Sharedwww / hartsoln4.texOpen in CoCalc
%% Homework assignment 2

\author{William A. Stein}
\title{Homework 2, MAT256B\\Chapter III, 4.8, 4.9, 5.6}



{\bfseries (4.8)} \quad {\em Cohomological Dimension}. Let $X$ be a neotherian separated scheme.
We define the {\em cohomological dimension} of $X$, denoted $\cd(X)$, to
be the least integer $n$ such that $H^{i}(X,\F)=0$ for all quasi-coherent
sheaves $\F$ and all $i>n$. Thus for example, Serre's theorem (3.7) says
that $\cd(X)=0$ if and only if $X$ is affine. Grothendieck's theorem (2.7)
implies that $\cd(X)\leq\dim X$. 

(a) In the definition of $\cd(X)$, show that it is sufficient to 
consider only coherent sheaves on $X$. 

(b) If $X$ is quasi-projective over a field $k$, then it is 
even sufficient to consider only locally free coherent sheaves
on $X$. 

(c) Suppose $X$ has a covering by $r+1$ open affine subsets. Use
\cech{} cohomology to show that $\cd(X)\leq r$. 

(d) If $X$ is a quasi-projective variety of dimension $r$ over a field
$k$, then $X$ can be covered by $r+1$ open affine subsets. Conclude
that $\cd(X)\leq \dim X$. 

(e) Let $Y$ be a set-theoretic complete intersection of 
codimension $r$ in $X=\P_k^n$. Show that $\cd(X-Y)\leq r-1$. 

(a) It suffices to show that if, for some $i$,
$H^i(X,\F)=0$ for all coherent sheaves $\F$,
then $H^i(X,\F)=0$ for all quasi-coherent sheaves $\F$. 
Thus suppose the $i$th cohomology of all coherent
sheaves on $X$ vanishes and let $\F$ be quasi-coherent.
Let $(\F_{\alpha})$ be the collection of coherent subsheaves
of $\F$, ordered by inclusion. Then by (II, Ex. 5.15e)
$\varinjlim\F_{\alpha}=\F$, so by (2.9)
$$H^i(X,\F)=H^i(X,\varinjlim \F_{\alpha})=\varinjlim H^i(X,\F_{\alpha})=0.$$

(b) Suppose $n$ is an integer and $H^i(X,\F)=0$ for all coherent
locally free sheaves $\F$ and integers $i>n$. We must show
$H^i(X,\F)=0$ for all coherent $\F$ and all $i>n$, then applying
(a) gives the desired result. Since $X$ is quasiprojective
there is an open immersion 
     $$i:X\hookrightarrow Y\subset \P_k^n$$
with $Y$ a closed subscheme of $\P_k^n$ and $i(X)$ open in $Y$.
By (II, Ex. 5.5c) the sheaf $\F$ on $X$ pushes forward to a coherent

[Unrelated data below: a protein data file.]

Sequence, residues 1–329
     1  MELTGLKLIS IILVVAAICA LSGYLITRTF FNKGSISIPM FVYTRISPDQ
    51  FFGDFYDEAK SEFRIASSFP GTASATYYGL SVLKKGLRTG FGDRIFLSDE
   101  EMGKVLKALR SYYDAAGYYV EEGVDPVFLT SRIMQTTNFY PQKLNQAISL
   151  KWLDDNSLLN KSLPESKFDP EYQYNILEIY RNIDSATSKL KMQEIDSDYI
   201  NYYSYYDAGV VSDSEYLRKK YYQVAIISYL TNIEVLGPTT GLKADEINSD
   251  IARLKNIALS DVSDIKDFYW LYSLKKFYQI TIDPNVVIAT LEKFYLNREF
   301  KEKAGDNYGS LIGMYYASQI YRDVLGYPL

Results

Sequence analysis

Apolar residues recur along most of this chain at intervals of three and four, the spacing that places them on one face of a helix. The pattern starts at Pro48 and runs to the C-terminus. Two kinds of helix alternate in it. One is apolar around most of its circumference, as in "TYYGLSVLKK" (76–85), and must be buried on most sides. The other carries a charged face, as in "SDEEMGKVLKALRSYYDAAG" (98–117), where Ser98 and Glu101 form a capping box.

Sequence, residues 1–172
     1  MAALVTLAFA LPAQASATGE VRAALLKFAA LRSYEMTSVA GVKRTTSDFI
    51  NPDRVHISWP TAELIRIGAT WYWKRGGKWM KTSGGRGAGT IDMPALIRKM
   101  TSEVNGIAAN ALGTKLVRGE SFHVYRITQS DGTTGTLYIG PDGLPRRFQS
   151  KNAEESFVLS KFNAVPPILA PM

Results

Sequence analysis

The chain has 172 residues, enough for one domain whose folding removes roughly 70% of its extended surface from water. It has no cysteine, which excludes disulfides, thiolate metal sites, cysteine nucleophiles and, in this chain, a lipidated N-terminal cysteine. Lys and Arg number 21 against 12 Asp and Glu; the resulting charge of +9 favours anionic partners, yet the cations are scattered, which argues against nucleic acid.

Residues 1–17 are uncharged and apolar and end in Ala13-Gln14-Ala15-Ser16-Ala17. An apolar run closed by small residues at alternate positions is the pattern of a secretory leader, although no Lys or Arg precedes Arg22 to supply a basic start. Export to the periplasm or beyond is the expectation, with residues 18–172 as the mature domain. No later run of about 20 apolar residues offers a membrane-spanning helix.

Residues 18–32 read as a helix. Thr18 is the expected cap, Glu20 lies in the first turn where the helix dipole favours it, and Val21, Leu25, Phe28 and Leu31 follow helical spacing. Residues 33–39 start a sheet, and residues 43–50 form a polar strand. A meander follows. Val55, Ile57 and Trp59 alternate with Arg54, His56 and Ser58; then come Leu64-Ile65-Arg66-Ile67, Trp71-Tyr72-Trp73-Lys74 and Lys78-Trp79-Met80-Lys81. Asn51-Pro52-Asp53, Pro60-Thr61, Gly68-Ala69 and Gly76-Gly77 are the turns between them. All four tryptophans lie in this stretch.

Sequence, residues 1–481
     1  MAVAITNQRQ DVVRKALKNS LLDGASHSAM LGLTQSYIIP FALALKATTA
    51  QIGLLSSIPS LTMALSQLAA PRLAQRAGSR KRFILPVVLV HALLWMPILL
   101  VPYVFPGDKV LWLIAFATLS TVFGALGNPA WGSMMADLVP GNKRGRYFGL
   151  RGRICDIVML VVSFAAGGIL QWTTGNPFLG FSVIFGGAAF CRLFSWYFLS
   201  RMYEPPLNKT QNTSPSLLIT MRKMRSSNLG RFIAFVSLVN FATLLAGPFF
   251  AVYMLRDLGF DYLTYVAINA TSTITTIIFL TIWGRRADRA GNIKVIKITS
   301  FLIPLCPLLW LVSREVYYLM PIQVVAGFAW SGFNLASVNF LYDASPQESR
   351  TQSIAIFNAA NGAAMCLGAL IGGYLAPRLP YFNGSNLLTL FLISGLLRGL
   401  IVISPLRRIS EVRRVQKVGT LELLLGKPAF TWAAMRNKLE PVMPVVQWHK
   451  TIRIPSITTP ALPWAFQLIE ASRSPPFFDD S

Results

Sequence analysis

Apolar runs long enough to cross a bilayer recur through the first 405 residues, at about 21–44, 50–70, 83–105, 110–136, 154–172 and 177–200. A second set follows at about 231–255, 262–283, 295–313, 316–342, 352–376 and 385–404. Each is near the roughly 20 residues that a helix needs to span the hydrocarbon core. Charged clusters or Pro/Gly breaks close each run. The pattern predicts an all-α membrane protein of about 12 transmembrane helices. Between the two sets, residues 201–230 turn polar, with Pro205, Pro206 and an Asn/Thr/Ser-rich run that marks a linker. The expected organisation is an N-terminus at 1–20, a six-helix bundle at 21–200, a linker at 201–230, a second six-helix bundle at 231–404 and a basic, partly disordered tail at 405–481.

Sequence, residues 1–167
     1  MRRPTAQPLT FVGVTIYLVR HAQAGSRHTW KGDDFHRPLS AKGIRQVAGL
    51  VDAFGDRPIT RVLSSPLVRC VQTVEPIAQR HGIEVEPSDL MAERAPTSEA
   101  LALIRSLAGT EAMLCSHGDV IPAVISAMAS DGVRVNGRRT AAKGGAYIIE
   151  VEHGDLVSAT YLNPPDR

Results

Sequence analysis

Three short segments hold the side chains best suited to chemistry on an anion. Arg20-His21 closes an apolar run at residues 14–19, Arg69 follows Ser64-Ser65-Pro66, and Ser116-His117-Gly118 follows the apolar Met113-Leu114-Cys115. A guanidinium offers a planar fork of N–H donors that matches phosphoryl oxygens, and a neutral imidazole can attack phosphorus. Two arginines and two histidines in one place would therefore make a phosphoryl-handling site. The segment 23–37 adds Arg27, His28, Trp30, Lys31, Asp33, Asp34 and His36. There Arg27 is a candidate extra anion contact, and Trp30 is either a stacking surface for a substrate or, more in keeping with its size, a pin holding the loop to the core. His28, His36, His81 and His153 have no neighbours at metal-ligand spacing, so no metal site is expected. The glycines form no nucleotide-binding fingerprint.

sheaf on $\F'=i_{*}\F$ on $Y$.
By (II, 5.18) we may write $\F'$ as a quotient of a locally 
free coherent sheaf $\E'$ on $Y$. Letting $\R'$ be the kernel
gives an exact sequence 
$$0\into\R'\into\E'\into\F'\into 0$$
with $R'$ coherent (it's the quotient of coherent sheaves). 
Pulling back via $i$ to $X$ gives an exact sequence 
%% This is probably possible because $i$ is an
%% open immersion, but there are definately some
%% details to check!! 
$$0\into\R\into\E\into\F\into 0$$ 
of coherent sheaves on $X$ with $E$ locally free.  
The long exact sequence of cohomology shows
that for $i>n$, there is an exact sequence
$$0=H^i(X,\E)\into H^i(X,\F) \into H^{i+1}(X,\R) \into 
$H^i(X,\E)=H^{i+1}(X,\E)=0$ because we have assumed that, for $i>n$,
cohomology vanishes on locally free coherent sheaves.
Thus $H^i(X,\F)\isom H^{i+1}(X,\R)$. But if $k=\dim X$, then
Grothendieck vanishing (2.7) implies that
$H^{k+1}(X,\R)=0$ whence $H^{k}(X,\F)=0$. 
But then applying the above argument with $\F$ replaced
by $\R$ shows that $H^{k}(X,\R)=0$ which implies $H^{k-1}(X,\F)=0$
(so long as $k-1>n$). Again, apply the entire argument
with $\F$ replaced by $\R$ to see that $H^{k-1}(X,\R)=0$. 
We can continue this descent and hence show that 
$H^{i}(X,\F)=0$ for all $i>n$.

(c) By (4.5) we can compute cohomology by using the \cech{}
complex resulting from the cover $\sU$ of $X$ by $r+1$ open
affines. By definition $\sC^p=0$ for all $p>r$ since
there are no intersections of $p+1\geq r+2$ distinct open sets 
in our collection of $r+1$ open sets. The \cech{} complex is
$$\sC^0\into\sC^1\into\cdots\into\sC^r\into\sC^{r+1}=0\into 0\into 0\into \cdots.$$
Thus if $\sF$ is quasicoherent then $\cH^p(\sU,\sF)=0$ 
for any $p>r$ which implies that $\cd(X)\leq r$.  

(d) I will first present my solution in the special
case that $X$ is projective. The more general case when $X$ is 
quasi-projective is similiar, but more complicated, and will 
be presented next. 
Suppose $X\subset\P^n$ is a projective variety of dimension $r$. 
We must cover $X$ with $r+1$ open affines. Let $U$ be nonempty
open affine subset of $X$. Since $X$ is irreducible, the irreducible
components of $X-U$ all have codimension at least one in $X$.